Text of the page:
1. #1
    Firehouse.com Guest

    Question Dry Hydrants...annual upkeep???

    My department doesn't currently use dry hydrants (although I'm one of the few who know where a 1940s vintage 2.5" one is located in a mudhole near the town center!). We're very good in getting hard suction into action.

    A main project this year is to review & rate our water holes, and work with private landowners, ourselves, and the Town Public Works to improve quality & access. A couple of these, the best all-season access might be dry hydrants.

    What kind of annual maintenance needs to be done on the dry hydrants? It would seem to me the suction strainers on them would get grown in/silted in/etc regularly.

  2. #2
    Firehouse.com Guest



    Contact your local Soil & Water Conservation Service office. They should be able to provide you with information on the type of dry hydrant for drafting use.

    [This message has been edited by DD (edited April 05, 2000).]

  3. #3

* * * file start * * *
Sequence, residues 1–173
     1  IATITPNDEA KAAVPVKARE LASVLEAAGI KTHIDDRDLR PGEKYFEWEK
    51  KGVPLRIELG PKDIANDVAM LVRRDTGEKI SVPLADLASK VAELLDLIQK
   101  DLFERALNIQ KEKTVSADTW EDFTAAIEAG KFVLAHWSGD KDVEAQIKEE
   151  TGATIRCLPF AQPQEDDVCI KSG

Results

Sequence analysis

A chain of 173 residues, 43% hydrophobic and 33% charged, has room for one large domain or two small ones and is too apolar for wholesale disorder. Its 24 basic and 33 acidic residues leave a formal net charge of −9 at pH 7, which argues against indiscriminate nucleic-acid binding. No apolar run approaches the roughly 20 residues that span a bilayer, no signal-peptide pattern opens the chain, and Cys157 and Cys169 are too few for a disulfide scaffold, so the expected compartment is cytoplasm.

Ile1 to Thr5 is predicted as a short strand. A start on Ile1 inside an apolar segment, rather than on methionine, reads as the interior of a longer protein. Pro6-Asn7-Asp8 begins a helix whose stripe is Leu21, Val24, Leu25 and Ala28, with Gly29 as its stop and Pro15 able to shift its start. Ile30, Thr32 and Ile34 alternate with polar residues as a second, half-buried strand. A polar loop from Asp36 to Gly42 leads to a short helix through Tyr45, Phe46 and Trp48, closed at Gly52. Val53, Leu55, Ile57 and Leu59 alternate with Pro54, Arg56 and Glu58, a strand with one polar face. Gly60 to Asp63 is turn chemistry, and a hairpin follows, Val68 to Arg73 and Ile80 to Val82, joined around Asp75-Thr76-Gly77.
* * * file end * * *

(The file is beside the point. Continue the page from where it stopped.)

Sand Creek Lynn
    Firehouse.com Guest


    Ahhh what a timely question. We have 3 and are installing 2 more. 2 of our 3 are now out of service. 1 broken by ice, one plugged at the strainer. All are 6" pvc.
    All are in moving water. We have found that what works best is to leave them up off the bottom and let tham "float" in the current. Staked a few to the bottom with steel fence posts but the post just collected debris, sand washed in around it and then the strainer plugged.
    We are now going to try going with no strainer on the lower end and just have the screen in the hydrant head.
    If you do have a strainer on the bottom end you can buy a strainer from an irrigation supply house for about 1/4 the price from a fire supply place. Will get you an 800# when I go to the station tonight.

    Don't know about how much ice you have there but here in Wisconsin it is a major problem in a flowing stream. We try to put them low enough to avoid ice but when the ice goes out in spring and you get an ice jam the ice can get pretty deep. We are thinking of putting the next one inside a concrete dry well set in the river to protect it.